The Moment of Clarity is about understanding people, whether customers, employees or anyone around us. As such is mixes practical advice with theory about society, particularly business around us. The book has two parts - 'Getting people wrong' and 'Getting people right'. As one can guess the first part is about what businesses and managers are doing wrong, while the second part gives us the concept of sensemaking. That is using a mix of participant observation, qualitative data gathering and hol The Moment of Clarity is about understanding people, whether customers, employees or anyone around us. As such is mixes practical advice with theory about society, particularly business around us. The book has two parts - 'Getting people wrong' and 'Getting people right'. As one can guess the first part is about what businesses and managers are doing wrong, while the second part gives us the concept of sensemaking. That is using a mix of participant observation, qualitative data gathering and holistic analysis to arrive at new insights about what really matters to customers. The underlying theme of the book is about getting a true understanding of your customers that comes from understanding human behaviour. Not the easiest of reads, and there are better books on the topic in the marketplace. http://books-reviewed.weebly.com/lead...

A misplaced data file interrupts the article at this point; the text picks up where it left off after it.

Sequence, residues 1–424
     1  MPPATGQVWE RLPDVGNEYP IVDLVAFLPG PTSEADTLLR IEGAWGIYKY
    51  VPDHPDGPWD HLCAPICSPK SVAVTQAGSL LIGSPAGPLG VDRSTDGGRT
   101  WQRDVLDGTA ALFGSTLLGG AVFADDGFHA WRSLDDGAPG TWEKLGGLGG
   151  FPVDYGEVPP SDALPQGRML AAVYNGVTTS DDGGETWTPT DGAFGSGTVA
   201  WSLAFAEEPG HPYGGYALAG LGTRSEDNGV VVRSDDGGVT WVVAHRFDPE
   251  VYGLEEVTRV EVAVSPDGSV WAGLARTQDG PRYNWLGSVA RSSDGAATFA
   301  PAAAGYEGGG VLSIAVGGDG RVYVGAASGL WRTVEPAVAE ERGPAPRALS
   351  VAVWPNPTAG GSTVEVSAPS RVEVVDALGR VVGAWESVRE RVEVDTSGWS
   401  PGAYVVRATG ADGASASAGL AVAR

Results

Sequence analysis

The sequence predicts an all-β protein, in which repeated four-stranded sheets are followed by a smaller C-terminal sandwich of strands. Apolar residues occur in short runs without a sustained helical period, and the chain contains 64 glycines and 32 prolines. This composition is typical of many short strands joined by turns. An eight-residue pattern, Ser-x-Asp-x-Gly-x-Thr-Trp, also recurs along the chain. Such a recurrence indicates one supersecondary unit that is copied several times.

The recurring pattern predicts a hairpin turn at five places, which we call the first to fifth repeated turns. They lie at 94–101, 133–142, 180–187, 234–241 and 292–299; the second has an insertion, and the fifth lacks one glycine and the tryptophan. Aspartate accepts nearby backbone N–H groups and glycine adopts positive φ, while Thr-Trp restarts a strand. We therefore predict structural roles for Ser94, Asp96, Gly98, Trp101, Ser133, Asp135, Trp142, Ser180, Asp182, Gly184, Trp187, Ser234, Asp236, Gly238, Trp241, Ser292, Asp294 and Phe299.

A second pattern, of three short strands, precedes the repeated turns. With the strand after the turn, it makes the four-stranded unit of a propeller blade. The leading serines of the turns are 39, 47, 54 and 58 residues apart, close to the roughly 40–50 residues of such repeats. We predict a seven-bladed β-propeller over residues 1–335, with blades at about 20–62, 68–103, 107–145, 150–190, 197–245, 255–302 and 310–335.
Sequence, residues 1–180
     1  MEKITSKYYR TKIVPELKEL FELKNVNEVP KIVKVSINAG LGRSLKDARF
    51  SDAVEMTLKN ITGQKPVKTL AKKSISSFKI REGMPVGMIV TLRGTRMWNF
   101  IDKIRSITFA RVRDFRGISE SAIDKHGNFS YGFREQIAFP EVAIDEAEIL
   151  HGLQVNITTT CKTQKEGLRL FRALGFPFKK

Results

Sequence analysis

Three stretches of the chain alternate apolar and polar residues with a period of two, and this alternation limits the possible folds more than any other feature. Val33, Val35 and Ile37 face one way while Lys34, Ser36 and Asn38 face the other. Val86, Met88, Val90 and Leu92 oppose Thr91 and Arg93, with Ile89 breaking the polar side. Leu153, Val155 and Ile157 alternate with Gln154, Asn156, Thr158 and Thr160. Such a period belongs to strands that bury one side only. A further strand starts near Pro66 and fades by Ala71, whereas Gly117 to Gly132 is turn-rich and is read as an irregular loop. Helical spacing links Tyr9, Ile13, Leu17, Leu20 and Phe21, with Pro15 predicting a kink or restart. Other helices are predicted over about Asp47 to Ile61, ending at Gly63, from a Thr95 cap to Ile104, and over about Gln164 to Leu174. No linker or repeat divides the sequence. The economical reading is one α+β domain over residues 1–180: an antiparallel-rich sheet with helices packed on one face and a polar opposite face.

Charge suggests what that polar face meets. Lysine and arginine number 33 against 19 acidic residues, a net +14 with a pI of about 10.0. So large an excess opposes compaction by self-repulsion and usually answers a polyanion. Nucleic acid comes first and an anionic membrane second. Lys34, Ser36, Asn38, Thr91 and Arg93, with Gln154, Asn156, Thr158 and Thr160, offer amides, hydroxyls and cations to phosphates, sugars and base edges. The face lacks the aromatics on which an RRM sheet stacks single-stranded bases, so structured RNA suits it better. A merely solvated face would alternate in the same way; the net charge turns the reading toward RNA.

20. 5 out of 5

    Jysoo

    The authors explains new ways of setting up strategical direction in organizations by focusing on human aspect. Although I find the topic interesting, the focus of the book need significant improvements. General introduction to the issue probably need a chapter or so, and I feel that the author should give more details on the case studies and/or practical issues on implementation.

  21. 4 out of 5

    Jason

    This book was almost too short. The authors do an excellent job of going beyond the small views that companies take in understanding their users. Our reliance on data and analytics has pulled us away from truly understanding the consumers and customers using our products and services. I'd like to learn more about the methods for pattern clarification they used in the book.

  22. 5 out of 5

    Mills College Library

    658.834 M1836 2014

  23. 5 out of 5

    aljouharah altheeyb

    كشخص خلفيته عن إدارة الأعمال صفر، وجدت أن أسلوب الكتاب والتفصيل فيه مفيد جداً وممتع وفتح آفاق عن المشاريع والأعمال لم أفكر بها من قبل.

  24. 4 out of 5

    Rick Yvanovich

    I liked the concept of the book and the points it made but was waiting all the way through for the boom moment of clarity ... it was sort of there but not much of a boom.

  25. 5 out of 5

    Julia Lo

  26. 5 out of 5

    Helle

  27. 5 out of 5

    Ieva

  28. 5 out of 5

    Rob Lambeth

  29. 5 out of 5

    Christine Tindahl

  30. 4 out of 5

    Prashant Kakade